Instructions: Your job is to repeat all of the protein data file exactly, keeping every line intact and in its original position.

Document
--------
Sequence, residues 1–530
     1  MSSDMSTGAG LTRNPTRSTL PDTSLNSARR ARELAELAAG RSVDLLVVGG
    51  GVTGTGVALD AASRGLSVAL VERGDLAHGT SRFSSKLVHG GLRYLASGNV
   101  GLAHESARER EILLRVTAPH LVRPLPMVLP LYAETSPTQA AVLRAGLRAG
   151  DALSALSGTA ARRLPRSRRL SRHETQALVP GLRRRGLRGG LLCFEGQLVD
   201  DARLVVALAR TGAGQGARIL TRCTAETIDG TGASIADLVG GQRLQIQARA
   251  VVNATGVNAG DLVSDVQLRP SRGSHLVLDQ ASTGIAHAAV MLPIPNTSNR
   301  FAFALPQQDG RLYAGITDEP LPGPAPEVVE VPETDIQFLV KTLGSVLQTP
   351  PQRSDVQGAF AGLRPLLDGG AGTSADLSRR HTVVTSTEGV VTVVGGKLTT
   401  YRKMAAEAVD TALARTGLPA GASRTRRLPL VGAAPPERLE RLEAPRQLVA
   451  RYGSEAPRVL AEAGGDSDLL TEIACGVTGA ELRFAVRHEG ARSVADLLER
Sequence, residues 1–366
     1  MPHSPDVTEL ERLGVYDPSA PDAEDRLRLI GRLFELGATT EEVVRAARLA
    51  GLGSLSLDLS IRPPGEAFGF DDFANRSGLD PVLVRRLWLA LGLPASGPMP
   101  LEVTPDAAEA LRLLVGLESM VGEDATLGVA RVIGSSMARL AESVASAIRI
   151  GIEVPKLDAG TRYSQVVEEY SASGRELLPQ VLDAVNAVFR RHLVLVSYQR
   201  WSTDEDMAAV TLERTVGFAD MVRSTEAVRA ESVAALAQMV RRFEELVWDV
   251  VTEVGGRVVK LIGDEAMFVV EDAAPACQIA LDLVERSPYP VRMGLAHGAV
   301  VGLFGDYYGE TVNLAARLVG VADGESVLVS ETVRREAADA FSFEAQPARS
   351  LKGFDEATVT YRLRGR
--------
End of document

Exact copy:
Sequence, residues 1–530
     1  MSSDMSTGAG LTRNPTRSTL PDTSLNSARR ARELAELAAG RSVDLLVVGG
    51  GVTGTGVALD AASRGLSVAL VERGDLAHGT SRFSSKLVHG GLRYLASGNV
   101  GLAHESARER EILLRVTAPH LVRPLPMVLP LYAETSPTQA AVLRAGLRAG
   151  DALSALSGTA ARRLPRSRRL SRHETQALVP GLRRRGLRGG LLCFEGQLVD
   201  DARLVVALAR TGAGQGARIL TRCTAETIDG TGASIADLVG GQRLQIQARA
   251  VVNATGVNAG DLVSDVQLRP SRGSHLVLDQ ASTGIAHAAV MLPIPNTSNR
   301  FAFALPQQDG RLYAGITDEP LPGPAPEVVE VPETDIQFLV KTLGSVLQTP
   351  PQRSDVQGAF AGLRPLLDGG AGTSADLSRR HTVVTSTEGV VTVVGGKLTT
   401  YRKMAAEAVD TALARTGLPA GASRTRRLPL VGAAPPERLE RLEAPRQLVA
   451  RYGSEAPRVL AEAGGDSDLL TEIACGVTGA ELRFAVRHEG ARSVADLLER
Sequence, residues 1–366
     1  MPHSPDVTEL ERLGVYDPSA PDAEDRLRLI GRLFELGATT EEVVRAARLA
    51  GLGSLSLDLS IRPPGEAFGF DDFANRSGLD PVLVRRLWLA LGLPASGPMP
   101  LEVTPDAAEA LRLLVGLESM VGEDATLGVA RVIGSSMARL AESVASAIRI
   151  GIEVPKLDAG TRYSQVVEEY SASGRELLPQ VLDAVNAVFR RHLVLVSYQR
   201  WSTDEDMAAV TLERTVGFAD MVRSTEAVRA ESVAALAQMV RRFEELVWDV
   251  VTEVGGRVVK LIGDEAMFVV EDAAPACQIA LDLVERSPYP VRMGLAHGAV
   301  VGLFGDYYGE TVNLAARLVG VADGESVLVS ETVRREAADA FSFEAQPARS
   351  LKGFDEATVT YRLRGR